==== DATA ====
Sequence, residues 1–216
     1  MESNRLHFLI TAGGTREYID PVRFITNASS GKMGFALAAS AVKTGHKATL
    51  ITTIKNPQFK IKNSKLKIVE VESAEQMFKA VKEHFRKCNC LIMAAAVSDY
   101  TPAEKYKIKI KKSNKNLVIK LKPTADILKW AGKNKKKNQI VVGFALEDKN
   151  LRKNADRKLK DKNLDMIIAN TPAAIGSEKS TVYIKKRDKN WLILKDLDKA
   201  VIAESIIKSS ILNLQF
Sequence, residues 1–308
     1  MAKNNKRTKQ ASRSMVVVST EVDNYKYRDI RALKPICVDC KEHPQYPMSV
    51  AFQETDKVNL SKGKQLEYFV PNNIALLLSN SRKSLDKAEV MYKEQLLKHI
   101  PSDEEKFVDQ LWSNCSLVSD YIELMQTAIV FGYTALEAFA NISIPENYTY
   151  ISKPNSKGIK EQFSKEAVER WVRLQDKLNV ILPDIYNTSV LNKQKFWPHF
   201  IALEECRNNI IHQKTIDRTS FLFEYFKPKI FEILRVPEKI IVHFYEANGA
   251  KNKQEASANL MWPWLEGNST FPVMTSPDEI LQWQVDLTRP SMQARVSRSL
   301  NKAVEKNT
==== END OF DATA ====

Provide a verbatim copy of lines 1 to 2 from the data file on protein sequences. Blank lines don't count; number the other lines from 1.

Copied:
Sequence, residues 1–216
     1  MESNRLHFLI TAGGTREYID PVRFITNASS GKMGFALAAS AVKTGHKATL